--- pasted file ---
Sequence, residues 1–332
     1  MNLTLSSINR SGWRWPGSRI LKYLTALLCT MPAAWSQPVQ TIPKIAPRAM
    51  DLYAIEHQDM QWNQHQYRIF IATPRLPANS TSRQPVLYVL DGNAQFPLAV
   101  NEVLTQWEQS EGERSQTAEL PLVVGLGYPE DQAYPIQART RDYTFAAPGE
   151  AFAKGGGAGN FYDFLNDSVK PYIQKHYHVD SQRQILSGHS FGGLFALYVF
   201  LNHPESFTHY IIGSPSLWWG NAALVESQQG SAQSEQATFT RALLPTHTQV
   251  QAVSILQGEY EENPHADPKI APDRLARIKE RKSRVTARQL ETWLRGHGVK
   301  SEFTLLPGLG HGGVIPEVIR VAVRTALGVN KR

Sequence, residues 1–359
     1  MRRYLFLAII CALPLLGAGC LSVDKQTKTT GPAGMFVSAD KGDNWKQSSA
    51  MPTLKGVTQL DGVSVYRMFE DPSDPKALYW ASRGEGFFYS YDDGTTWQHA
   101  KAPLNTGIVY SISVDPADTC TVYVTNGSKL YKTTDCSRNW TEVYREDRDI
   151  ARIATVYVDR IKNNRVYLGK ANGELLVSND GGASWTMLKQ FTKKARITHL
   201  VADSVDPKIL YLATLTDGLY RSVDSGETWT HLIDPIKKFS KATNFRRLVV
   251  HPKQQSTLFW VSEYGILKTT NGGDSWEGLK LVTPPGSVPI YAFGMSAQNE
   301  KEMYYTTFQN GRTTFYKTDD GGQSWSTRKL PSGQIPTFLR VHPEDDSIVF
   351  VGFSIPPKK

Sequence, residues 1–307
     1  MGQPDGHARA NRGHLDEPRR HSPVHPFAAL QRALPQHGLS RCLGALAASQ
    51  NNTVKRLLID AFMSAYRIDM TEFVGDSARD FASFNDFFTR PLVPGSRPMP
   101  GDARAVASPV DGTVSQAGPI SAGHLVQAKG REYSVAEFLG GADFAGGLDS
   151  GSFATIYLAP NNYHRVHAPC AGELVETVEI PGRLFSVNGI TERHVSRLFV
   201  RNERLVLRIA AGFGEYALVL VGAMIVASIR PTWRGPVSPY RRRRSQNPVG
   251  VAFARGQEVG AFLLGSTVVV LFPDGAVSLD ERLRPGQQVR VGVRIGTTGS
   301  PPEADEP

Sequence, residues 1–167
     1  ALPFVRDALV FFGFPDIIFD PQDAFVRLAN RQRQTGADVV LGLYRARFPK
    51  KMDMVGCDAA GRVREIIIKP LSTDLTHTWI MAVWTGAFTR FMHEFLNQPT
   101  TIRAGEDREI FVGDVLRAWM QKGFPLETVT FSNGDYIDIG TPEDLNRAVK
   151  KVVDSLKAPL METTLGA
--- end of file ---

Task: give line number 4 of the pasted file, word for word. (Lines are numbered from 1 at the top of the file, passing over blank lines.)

   101  NEVLTQWEQS EGERSQTAEL PLVVGLGYPE DQAYPIQART RDYTFAAPGE